My hamstrings and I had the opportunity to help pick a row of her beans last week.  It is the hardest crop to pick in my amateur opinion and could be made easier only if you had a hover craft. It was, however, a great time to think and talk with Elaine as we moved slowly hunched over, eyes on the stringy prize, our hands busy. Our dad said it was heartwarming to see us working out there together. There is something pure and good about farm work with your sister. But, the next day my legs suggested that maybe next time just sitting around together could be nice too.

clockwise from top, Dragon Tongue, Provider, Indy Gold, Burgundy

clockwise from top: Dragon Tongue, Provider, Indy Gold, Burgundy

½ cup extra virgin olive oil
3 tablespoons champagne vinegar
1 ½ tablespoons Dijon mustard
1 large clove garlic, minced
½ teaspoon pepper
2 large handfuls of string beans cut into 1 ½” pieces
2 tablespoons salt
2 pounds assorted potatoes, scrubbed and cut into 1 ½” pieces
1 small bunch of basil, chopped

  • Whisk oil, vinegar, mustard, garlic, and pepper together in a large bowl. Reserve ¼ cup of dressing in measuring cup
  • Boil beans in salted water until crisp, but tender, about 4 minutes. Remove beans with a slotted spoon and transfer to a colander to dry. Then add to large bowl with dressing. Toss to coat.
  •  Add potatoes to the still simmering water and cook until a paring knife can be inserted without resistance, 7-10 minutes. Drain in a colander and add to beans and dressing. Toss to coat. Let sit for 10 minutes.
  •  Just before serving add basil, and reserved dressing. Toss gently.

Keema: An Indian Curry

Keema in process

Keema in process

Serves 4

A wonderful friend made Keema for my daughter, Audrey, and me one weekend our families were away together. She is an experienced cook and knows the luxury of a dinner you can hold in the oven at 200 degrees until everybody’s ready. She serves it with shredded coconut, perfectly tender roasted carrots, and only with basmati rice. I, however, am a little less strict about ingredients and have found that jasmine rice is also quite nice.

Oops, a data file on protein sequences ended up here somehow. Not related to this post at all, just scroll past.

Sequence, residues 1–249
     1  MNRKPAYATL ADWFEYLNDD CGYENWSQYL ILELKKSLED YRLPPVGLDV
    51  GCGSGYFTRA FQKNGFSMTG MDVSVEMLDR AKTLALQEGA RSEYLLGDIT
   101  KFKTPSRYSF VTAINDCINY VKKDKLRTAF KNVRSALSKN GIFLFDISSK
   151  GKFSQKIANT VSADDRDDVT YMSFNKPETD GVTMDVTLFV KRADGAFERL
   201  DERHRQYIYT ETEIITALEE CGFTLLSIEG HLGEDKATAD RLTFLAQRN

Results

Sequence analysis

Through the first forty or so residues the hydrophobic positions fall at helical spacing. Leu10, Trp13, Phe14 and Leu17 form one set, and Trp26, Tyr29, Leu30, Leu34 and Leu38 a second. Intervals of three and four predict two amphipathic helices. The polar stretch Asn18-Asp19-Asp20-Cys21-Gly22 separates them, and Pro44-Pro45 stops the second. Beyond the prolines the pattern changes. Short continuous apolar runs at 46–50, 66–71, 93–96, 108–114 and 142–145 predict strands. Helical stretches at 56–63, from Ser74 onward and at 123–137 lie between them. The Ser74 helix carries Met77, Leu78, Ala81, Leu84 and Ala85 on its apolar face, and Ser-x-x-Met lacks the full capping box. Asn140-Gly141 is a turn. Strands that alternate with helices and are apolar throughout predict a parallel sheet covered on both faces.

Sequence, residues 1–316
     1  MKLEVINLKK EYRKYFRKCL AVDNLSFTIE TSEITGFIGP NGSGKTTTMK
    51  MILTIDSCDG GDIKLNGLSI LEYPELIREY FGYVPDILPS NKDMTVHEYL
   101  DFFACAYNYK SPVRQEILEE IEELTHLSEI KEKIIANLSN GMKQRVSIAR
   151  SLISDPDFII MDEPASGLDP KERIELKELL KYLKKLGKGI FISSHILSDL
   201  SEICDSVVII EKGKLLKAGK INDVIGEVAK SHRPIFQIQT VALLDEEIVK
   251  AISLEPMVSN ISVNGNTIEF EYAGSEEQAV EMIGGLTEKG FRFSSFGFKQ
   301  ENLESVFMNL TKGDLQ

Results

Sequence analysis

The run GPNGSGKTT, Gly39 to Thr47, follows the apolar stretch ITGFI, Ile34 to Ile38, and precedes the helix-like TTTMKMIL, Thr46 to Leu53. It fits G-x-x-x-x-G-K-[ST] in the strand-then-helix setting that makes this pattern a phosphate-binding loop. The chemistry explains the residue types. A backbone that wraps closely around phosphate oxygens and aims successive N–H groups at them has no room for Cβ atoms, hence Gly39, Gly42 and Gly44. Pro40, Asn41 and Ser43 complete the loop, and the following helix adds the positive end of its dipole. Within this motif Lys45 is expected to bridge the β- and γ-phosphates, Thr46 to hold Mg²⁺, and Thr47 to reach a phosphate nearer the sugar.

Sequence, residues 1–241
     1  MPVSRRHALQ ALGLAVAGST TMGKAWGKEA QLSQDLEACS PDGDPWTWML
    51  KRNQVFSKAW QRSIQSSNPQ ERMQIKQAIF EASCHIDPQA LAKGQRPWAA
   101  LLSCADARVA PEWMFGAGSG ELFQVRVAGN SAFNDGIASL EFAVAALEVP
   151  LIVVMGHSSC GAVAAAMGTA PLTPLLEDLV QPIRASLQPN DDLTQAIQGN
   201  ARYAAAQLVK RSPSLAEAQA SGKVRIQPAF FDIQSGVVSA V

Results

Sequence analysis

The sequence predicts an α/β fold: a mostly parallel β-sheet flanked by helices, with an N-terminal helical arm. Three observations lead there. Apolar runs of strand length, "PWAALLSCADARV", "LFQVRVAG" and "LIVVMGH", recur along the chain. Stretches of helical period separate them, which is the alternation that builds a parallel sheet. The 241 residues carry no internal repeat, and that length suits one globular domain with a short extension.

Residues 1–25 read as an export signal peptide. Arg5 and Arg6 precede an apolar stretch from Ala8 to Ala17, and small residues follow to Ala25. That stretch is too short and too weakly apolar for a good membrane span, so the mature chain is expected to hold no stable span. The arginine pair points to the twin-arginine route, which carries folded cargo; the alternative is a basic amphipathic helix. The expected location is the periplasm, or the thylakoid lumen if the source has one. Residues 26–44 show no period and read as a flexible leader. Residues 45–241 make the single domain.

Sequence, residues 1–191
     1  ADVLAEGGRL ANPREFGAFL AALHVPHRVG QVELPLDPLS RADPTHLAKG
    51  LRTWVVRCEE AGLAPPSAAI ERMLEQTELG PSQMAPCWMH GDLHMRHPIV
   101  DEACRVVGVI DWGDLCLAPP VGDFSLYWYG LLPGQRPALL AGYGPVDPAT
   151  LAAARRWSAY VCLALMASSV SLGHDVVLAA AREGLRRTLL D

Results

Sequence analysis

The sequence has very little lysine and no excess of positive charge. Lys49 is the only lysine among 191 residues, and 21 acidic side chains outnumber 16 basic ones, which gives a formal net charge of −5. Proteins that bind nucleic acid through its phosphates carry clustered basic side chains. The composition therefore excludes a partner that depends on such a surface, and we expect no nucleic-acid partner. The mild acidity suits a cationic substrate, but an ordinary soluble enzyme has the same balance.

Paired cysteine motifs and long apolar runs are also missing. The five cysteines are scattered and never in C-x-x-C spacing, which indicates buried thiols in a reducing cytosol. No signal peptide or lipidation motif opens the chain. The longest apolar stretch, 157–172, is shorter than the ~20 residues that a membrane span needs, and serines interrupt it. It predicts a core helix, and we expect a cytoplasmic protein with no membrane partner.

Use your Everblossom chard, onion, garlic, basil and tomatoes.

This has become such a family favorite, I triple this recipe and put the other two batches in the freezer.

3 tablespoons curry powder
3 tablespoons sesame oil, or peanut oil
1 medium onion, chopped
2 cloves of garlic, minced
1 bunch of Swiss chard, rinsed and chopped
2 tablespoons fresh basil, chopped (cilantro or parsley is good here too)
1 pound ground beef
1 ¼ teaspoons salt
6 to 8 ripe plum-sized tomatoes or equivalent
10 ounces frozen peas

  • Prepare rice according to package instructions. Hold separately.
  • Sauté curry powder in oil over medium heat for 2 to 3 minutes. Add onions and brown. Add garlic, chard and basil and stir. Add meat and brown.
  • Blanch tomatoes in hot water until you can remove peels easily; finely chop.
  • Add salt and peeled, chopped tomatoes; cover. Cook over low heat for about 20 to 25 minutes. Add peas, mix in, cover again, and cook for about 5 minutes.
  • Serve over rice

Important: Do not use a black cast iron skillet or wooden spoons; the curry powder will get in the pores. A silicon scraper may also be dyed yellow.

Quick Panzanella with Cucumber

Cucumber Panzanella

Bread Salad!

Panzanella is a Florentine salad of bread and tomatoes. That’s right; it is a salad with bread as a main ingredient! It includes chunks of stale bread soaked in oil and vinegar dressing and tomatoes, sometimes also onions and basil. My quick version has just three main ingredients: chewy bread, juicy tomatoes and sweet cucumber, so they need to be the best quality.

This year I am part of the Lark Rise Bakery bread share and it is some of the best bread I have ever had.  I used cubes of their ciabatta this time. I also love to toss this all in store-bought Gazebo Room Greek salad dressing. As promised, my version is very quick.

Lark Rise Bakery Ciabatta

Lark Rise Bakery Ciabatta

  • 1 chopped cucumber, about 2 cups
  • 1 big handful of tomatoes, chopped, about 2 cups
  • 2 cups of cubed high-quality bread,  stale or toasted slightly
  • 1/2 cup of a favorite Greek, Italian, or oil and vinegar dressing, more if needed.